Thursday, May 16, 2013

Antiseen Is Wrestling With Pop Culture

Antiseen - Falls Count Anywhere - A Collection Of Wrestling Songs
Get your copy of Falls Count Anywhere

Click over to all things Wrestling With Pop Culture

"Given the self-destructive stage antics and confrontational messages of underground punk band ANTiSEEN, the band’s longevity is as impressive as a championship title reign. But these self-proclaimed Badwill Ambassadors have been piledriving eardrums and abusing themselves for audiences all over the world for 30 years now. And with numerous shows already logged this year, as well as an ever-growing catalog of new releases including the recent New Blood and Falls Count Anywhere albums, ANTiSEEN shows no signs of letting up on its destructive path of punk rock mayhem. As the band embarks on its Dixie Dynamite Tour with Hellstomper, front man Jeff Clayton talks to Wrestling with Pop Culture about wrestling, rock and blood.

ANTiSEEN has done enough songs about wrestling over the years to fill an entire CD. How far back do the songs on this album date?

Our earliest wrestling song was “Cactus Jack” and that appeared on Eat More Possum, which came out in ’93. But the version that’s on Falls Count Anywhere is the single version that came out a few years later. But that’s still the earliest thing on that record.

Greatest hype man in the business, the Cosmic Commander. Photo - Lance Dawes
You’re clearly a fan of hardcore wrestlers like Cactus Jack, Abdullah the Butcher and Terry Funk. You portray a similar sense of violence during your performances. What attracts you to such extreme behavior and how does it relate to the music you create?

I’ve always liked wrestling and growing up in the South I loved seeing Ric Flair and the Four Horsemen. Later, when cable came along, we actually got to see the Freebirds and stuff like that. But I always liked the guys that were monsters and freaks. I loved it when Gary Hart brought in Kabuki. I remember being able to barely get a station on our television – we still had one of those rotary-dial antennas – and me and my brother would look for wrestling wherever we could find it. We found something that I think came from Texas and we saw Eric the Red. We thought that was cool, but the one thing that really left an impression on me and is why I still do what I do was when they brought in Abdullah the Butcher to take on Wahoo McDaniel. They had never shown nothing quite that brutal on the television show before, at least not since we had been watching it. They showed some pretty brutal stuff like the Andersons hitting people with the cast they had on for six months. But seeing Abduallah, the commentators made it seem mike it was the most terrible thing in the world. The audience was going crazy, there was blood everywhere and it went off the air while it was still going on. It was like, “Wow!” Then we found the show on another station and watched the replay, even though it looked like it was in a snowstorm, just to get to see it again. Then there were cage matches and barbed wire, which back then guaranteed one thing: there was going to be blood. A cage match was a brutal thing and we used to get wrestling magazines and see pictures of the Billy Graham/Dusty Rhodes bullrope match, barbed wire and all that stuff, wrestling just had a lasting impression. And I have an appreciation for all of it; I like luchadores, I like the mat technician guys like Guerrero, Malenko and all them people. But the monsters and maniacs were always my favorite, and still are to this day.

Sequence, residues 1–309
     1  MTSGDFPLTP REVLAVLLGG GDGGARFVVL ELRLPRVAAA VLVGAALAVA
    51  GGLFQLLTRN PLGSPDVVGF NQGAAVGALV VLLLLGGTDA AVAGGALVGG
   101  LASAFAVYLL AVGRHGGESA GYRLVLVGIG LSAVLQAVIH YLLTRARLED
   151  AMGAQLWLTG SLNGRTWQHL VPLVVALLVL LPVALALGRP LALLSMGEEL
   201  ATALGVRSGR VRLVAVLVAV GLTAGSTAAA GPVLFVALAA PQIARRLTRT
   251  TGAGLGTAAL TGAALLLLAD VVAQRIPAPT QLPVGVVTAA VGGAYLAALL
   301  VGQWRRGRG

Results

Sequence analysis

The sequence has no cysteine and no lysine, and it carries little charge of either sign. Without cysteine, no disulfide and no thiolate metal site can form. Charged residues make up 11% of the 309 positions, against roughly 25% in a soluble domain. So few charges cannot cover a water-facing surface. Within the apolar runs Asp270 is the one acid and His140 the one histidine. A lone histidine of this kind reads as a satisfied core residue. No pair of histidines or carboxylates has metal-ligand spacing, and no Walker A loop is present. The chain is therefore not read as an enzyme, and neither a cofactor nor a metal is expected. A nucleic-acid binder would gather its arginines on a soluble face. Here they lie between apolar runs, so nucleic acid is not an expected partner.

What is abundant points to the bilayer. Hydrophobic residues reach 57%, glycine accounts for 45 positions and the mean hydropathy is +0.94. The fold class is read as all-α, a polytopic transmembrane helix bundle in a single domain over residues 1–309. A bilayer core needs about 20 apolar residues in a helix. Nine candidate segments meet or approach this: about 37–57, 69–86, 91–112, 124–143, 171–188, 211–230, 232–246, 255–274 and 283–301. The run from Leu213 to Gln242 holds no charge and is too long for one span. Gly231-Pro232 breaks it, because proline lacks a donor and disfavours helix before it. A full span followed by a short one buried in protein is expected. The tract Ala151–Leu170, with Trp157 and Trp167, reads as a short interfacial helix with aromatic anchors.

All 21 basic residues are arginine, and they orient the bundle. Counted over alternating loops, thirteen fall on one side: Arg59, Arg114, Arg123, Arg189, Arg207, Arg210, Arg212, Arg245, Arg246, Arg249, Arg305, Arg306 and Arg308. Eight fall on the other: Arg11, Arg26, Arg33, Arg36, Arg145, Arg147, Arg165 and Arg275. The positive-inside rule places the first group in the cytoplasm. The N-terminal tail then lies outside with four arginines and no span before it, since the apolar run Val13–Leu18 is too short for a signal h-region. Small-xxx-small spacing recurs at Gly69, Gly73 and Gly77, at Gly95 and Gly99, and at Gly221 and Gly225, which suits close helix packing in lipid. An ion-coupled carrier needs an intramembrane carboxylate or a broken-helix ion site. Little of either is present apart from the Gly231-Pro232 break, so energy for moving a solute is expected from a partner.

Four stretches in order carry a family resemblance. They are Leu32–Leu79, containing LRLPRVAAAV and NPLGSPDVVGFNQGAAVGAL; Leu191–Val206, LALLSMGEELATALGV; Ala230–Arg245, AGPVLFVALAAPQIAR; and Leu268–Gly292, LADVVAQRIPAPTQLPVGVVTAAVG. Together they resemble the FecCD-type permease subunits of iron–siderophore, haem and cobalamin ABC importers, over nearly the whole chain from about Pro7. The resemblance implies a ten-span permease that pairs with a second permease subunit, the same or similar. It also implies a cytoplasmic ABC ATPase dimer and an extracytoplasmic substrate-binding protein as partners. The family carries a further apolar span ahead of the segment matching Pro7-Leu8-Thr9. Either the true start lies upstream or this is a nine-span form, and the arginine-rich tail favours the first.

Wrestling has changed quite a bit since then. Do you still watch much of today’s wrestling?

I don’t watch it much because I don’t have cable. It was a big waste of money for a vast wasteland of nothing. I talk to people who do follow it, though. If something goes down that I think I really need to see, I’ll look it up the next day on YouTube.

Did you miss the Rock N' Rassle Apocalypse? Blame yourself for being lazy and the show of a life time! The Necrobutcher gouging Beast Master Rick Link with a beer can for a hardcore death match. Photo - Lance Dawes